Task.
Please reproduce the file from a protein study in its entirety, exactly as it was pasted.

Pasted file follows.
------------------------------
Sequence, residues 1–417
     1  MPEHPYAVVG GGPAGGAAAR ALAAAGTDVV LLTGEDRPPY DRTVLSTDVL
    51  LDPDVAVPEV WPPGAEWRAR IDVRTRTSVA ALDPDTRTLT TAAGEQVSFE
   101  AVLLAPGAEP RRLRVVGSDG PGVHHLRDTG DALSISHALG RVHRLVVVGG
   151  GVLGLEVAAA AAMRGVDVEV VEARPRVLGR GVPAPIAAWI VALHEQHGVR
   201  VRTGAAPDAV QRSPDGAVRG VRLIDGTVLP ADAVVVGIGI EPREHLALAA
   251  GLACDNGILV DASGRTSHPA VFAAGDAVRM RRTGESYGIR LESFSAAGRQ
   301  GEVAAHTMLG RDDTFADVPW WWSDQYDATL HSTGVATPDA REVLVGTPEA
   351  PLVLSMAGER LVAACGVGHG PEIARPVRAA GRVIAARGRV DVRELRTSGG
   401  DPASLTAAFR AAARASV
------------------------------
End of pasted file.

Sequence, residues 1–417
     1  MPEHPYAVVG GGPAGGAAAR ALAAAGTDVV LLTGEDRPPY DRTVLSTDVL
    51  LDPDVAVPEV WPPGAEWRAR IDVRTRTSVA ALDPDTRTLT TAAGEQVSFE
   101  AVLLAPGAEP RRLRVVGSDG PGVHHLRDTG DALSISHALG RVHRLVVVGG
   151  GVLGLEVAAA AAMRGVDVEV VEARPRVLGR GVPAPIAAWI VALHEQHGVR
   201  VRTGAAPDAV QRSPDGAVRG VRLIDGTVLP ADAVVVGIGI EPREHLALAA
   251  GLACDNGILV DASGRTSHPA VFAAGDAVRM RRTGESYGIR LESFSAAGRQ
   301  GEVAAHTMLG RDDTFADVPW WWSDQYDATL HSTGVATPDA REVLVGTPEA
   351  PLVLSMAGER LVAACGVGHG PEIARPVRAA GRVIAARGRV DVRELRTSGG
   401  DPASLTAAFR AAARASV